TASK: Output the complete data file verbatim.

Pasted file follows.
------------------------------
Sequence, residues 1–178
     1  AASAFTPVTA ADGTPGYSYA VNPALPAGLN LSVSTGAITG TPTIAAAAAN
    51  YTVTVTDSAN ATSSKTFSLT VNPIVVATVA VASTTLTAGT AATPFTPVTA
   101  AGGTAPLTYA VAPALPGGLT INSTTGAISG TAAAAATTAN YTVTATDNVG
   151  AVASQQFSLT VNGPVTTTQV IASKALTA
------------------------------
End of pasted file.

Sequence, residues 1–178
     1  AASAFTPVTA ADGTPGYSYA VNPALPAGLN LSVSTGAITG TPTIAAAAAN
    51  YTVTVTDSAN ATSSKTFSLT VNPIVVATVA VASTTLTAGT AATPFTPVTA
   101  AGGTAPLTYA VAPALPGGLT INSTTGAISG TAAAAATTAN YTVTATDNVG
   151  AVASQQFSLT VNGPVTTTQV IASKALTA